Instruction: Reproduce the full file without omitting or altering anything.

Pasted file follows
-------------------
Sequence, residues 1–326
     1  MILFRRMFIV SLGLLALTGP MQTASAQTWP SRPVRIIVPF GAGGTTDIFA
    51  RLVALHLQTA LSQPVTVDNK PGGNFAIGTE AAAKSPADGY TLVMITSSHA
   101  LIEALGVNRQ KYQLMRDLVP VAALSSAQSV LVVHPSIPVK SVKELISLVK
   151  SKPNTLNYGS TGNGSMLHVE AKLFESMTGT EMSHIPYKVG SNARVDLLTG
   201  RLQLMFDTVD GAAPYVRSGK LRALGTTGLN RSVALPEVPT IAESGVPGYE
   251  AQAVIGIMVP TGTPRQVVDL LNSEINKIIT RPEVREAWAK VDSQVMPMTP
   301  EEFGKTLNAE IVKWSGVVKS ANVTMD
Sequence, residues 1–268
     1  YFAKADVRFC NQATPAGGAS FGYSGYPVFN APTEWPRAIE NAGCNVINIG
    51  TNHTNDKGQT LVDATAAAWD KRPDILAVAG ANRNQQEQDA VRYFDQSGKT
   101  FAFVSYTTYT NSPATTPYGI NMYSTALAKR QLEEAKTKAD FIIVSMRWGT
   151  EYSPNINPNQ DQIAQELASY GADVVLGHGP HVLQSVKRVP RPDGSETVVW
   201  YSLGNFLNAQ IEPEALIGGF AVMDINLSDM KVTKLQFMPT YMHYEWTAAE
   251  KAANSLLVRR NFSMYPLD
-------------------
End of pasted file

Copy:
Sequence, residues 1–326
     1  MILFRRMFIV SLGLLALTGP MQTASAQTWP SRPVRIIVPF GAGGTTDIFA
    51  RLVALHLQTA LSQPVTVDNK PGGNFAIGTE AAAKSPADGY TLVMITSSHA
   101  LIEALGVNRQ KYQLMRDLVP VAALSSAQSV LVVHPSIPVK SVKELISLVK
   151  SKPNTLNYGS TGNGSMLHVE AKLFESMTGT EMSHIPYKVG SNARVDLLTG
   201  RLQLMFDTVD GAAPYVRSGK LRALGTTGLN RSVALPEVPT IAESGVPGYE
   251  AQAVIGIMVP TGTPRQVVDL LNSEINKIIT RPEVREAWAK VDSQVMPMTP
   301  EEFGKTLNAE IVKWSGVVKS ANVTMD
Sequence, residues 1–268
     1  YFAKADVRFC NQATPAGGAS FGYSGYPVFN APTEWPRAIE NAGCNVINIG
    51  TNHTNDKGQT LVDATAAAWD KRPDILAVAG ANRNQQEQDA VRYFDQSGKT
   101  FAFVSYTTYT NSPATTPYGI NMYSTALAKR QLEEAKTKAD FIIVSMRWGT
   151  EYSPNINPNQ DQIAQELASY GADVVLGHGP HVLQSVKRVP RPDGSETVVW
   201  YSLGNFLNAQ IEPEALIGGF AVMDINLSDM KVTKLQFMPT YMHYEWTAAE
   251  KAANSLLVRR NFSMYPLD